1st place winner in the resident/fellow category in the 2015 STFM Blog Competition.
One year ago (read: before intern year), pretty much the most exciting part of my fourth-year emergency medicine rotation was having my pager go off. BZZZZ!!!!!! I leapt into action, excitingly reading the text page: “Leg lac in E9.” I was on it.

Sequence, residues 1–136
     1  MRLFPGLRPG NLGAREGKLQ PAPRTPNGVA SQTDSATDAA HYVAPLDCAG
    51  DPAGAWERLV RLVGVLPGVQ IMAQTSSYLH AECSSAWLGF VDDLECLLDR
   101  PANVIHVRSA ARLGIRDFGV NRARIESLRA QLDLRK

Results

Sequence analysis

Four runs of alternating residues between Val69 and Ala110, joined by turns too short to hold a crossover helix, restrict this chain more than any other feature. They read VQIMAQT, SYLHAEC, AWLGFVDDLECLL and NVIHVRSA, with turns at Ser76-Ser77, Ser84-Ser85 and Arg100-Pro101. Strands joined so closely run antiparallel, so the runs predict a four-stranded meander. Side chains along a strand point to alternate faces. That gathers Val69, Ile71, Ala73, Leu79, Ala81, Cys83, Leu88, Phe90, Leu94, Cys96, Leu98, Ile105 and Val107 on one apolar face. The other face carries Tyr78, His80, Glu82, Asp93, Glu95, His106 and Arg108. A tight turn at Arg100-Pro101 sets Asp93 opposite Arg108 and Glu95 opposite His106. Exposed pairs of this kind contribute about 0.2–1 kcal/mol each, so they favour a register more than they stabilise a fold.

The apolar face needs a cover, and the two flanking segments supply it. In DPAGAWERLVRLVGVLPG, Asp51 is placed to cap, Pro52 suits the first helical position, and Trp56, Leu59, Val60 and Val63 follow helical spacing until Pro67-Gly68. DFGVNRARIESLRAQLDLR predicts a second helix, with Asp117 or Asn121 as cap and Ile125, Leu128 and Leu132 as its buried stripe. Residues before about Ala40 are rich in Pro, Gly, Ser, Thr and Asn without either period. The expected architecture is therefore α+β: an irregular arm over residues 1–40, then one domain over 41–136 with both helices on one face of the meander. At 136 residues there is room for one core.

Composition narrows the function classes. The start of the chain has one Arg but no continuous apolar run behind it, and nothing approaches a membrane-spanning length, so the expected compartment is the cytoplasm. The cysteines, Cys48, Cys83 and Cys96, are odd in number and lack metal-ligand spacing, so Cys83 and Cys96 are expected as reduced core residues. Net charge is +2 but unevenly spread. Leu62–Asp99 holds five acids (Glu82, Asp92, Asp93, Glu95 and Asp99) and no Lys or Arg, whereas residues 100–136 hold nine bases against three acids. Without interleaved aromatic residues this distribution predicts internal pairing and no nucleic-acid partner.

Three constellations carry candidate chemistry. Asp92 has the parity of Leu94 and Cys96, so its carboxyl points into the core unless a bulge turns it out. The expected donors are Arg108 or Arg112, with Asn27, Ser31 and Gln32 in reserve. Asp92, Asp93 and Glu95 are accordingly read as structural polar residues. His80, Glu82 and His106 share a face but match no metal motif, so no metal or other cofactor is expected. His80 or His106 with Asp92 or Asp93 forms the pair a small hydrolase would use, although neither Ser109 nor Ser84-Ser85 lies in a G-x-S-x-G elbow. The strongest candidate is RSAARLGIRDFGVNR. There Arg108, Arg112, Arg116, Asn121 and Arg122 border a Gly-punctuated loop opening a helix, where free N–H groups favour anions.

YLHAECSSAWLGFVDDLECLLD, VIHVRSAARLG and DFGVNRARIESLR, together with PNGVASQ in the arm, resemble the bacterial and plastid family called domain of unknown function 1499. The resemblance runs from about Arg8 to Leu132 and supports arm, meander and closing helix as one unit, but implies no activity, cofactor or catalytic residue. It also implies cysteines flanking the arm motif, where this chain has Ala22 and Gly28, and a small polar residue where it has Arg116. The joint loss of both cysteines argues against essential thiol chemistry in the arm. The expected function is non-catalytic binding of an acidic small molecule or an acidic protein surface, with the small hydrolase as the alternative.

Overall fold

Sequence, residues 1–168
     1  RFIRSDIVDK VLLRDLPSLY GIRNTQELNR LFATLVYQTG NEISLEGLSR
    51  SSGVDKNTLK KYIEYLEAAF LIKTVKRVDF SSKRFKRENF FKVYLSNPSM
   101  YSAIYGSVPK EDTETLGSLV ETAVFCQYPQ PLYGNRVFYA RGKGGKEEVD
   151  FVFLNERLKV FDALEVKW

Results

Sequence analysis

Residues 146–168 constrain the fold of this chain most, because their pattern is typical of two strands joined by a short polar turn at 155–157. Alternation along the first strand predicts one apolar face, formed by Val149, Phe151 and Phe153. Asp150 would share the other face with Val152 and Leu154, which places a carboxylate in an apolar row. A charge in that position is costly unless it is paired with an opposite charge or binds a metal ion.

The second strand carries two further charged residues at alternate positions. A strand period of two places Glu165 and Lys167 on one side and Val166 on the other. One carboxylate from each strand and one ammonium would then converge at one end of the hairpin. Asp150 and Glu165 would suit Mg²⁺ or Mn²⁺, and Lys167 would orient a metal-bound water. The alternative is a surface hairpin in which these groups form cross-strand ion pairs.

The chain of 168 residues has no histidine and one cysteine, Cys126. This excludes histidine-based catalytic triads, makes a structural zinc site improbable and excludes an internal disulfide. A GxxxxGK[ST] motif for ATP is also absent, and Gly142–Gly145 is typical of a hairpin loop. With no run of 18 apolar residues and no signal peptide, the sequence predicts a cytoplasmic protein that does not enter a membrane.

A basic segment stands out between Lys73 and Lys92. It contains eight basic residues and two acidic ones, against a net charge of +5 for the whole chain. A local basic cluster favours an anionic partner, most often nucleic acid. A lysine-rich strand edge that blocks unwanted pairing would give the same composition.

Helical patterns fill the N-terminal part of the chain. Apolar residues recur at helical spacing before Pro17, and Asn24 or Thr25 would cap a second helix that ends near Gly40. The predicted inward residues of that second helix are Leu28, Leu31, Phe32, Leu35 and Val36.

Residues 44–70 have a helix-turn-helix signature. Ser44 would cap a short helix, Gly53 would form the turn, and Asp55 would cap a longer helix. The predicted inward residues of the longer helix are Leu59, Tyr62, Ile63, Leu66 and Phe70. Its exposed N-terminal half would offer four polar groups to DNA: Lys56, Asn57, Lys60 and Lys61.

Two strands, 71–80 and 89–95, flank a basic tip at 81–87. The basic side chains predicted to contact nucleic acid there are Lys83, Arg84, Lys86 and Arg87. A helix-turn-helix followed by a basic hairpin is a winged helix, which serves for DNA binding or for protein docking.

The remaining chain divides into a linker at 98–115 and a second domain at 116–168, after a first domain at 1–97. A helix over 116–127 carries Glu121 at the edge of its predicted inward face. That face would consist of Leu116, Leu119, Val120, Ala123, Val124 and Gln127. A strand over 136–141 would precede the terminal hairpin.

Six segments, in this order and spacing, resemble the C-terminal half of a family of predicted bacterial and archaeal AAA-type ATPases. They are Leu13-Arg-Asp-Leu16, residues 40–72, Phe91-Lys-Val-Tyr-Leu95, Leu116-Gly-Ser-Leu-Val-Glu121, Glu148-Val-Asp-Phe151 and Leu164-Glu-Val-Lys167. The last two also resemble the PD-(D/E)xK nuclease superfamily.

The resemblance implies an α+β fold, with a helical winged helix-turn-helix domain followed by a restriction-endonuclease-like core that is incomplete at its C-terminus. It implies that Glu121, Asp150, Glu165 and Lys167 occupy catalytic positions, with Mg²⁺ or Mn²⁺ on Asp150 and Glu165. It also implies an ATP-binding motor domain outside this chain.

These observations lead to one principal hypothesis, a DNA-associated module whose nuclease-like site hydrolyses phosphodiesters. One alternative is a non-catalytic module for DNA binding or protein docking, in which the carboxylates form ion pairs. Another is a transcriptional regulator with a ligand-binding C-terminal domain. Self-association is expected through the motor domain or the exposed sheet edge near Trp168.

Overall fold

Suture kit in hand, I burst through E9’s thin emergency department curtains with abandon—I was going to fix this. The “leg lac” turned out to be a wonderful 95 years old, Mrs F, who had fallen onto her wheelchair. The skin on her lateral lower leg was pushed aside, leaving exposed subcutaneous fat (of which she did not have much) and the fascia of the muscle below. Accompanying Mrs F was her daughter and her husband and Mrs F’s other daughter’s daughter—suffice it to say, it was a crowded curtain-room. Two hours and 30 sutures later, I knew the family’s story: how Mrs F, great-grandmother of four, had been living independently but recently was hospitalized due to difficult to control hypertension, how Mrs F’s daughter and son-in-law wanted Mrs F to live with them, but she fiercely wanted her independence—“I can get around!” and how the same stubbornness that had gotten her through 95 bitterly cold Minnesota winters had now come to this, a crossroads.